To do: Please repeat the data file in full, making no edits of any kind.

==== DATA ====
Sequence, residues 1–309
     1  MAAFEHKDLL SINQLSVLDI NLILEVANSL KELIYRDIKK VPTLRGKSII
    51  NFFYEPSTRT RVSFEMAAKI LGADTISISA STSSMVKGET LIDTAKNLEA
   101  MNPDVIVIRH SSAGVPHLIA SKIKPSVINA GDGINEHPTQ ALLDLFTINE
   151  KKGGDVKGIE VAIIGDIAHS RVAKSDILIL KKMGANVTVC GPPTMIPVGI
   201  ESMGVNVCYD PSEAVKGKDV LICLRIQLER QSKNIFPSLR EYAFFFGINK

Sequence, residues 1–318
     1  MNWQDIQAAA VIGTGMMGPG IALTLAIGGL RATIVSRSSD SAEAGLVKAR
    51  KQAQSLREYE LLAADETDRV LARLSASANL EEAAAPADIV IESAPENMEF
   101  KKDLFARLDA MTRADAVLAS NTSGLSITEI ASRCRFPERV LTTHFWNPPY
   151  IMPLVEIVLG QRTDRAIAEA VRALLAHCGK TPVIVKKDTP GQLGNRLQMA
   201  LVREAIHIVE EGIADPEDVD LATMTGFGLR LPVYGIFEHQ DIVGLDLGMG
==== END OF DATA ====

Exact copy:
Sequence, residues 1–309
     1  MAAFEHKDLL SINQLSVLDI NLILEVANSL KELIYRDIKK VPTLRGKSII
    51  NFFYEPSTRT RVSFEMAAKI LGADTISISA STSSMVKGET LIDTAKNLEA
   101  MNPDVIVIRH SSAGVPHLIA SKIKPSVINA GDGINEHPTQ ALLDLFTINE
   151  KKGGDVKGIE VAIIGDIAHS RVAKSDILIL KKMGANVTVC GPPTMIPVGI
   201  ESMGVNVCYD PSEAVKGKDV LICLRIQLER QSKNIFPSLR EYAFFFGINK

Sequence, residues 1–318
     1  MNWQDIQAAA VIGTGMMGPG IALTLAIGGL RATIVSRSSD SAEAGLVKAR
    51  KQAQSLREYE LLAADETDRV LARLSASANL EEAAAPADIV IESAPENMEF
   101  KKDLFARLDA MTRADAVLAS NTSGLSITEI ASRCRFPERV LTTHFWNPPY
   151  IMPLVEIVLG QRTDRAIAEA VRALLAHCGK TPVIVKKDTP GQLGNRLQMA
   201  LVREAIHIVE EGIADPEDVD LATMTGFGLR LPVYGIFEHQ DIVGLDLGMG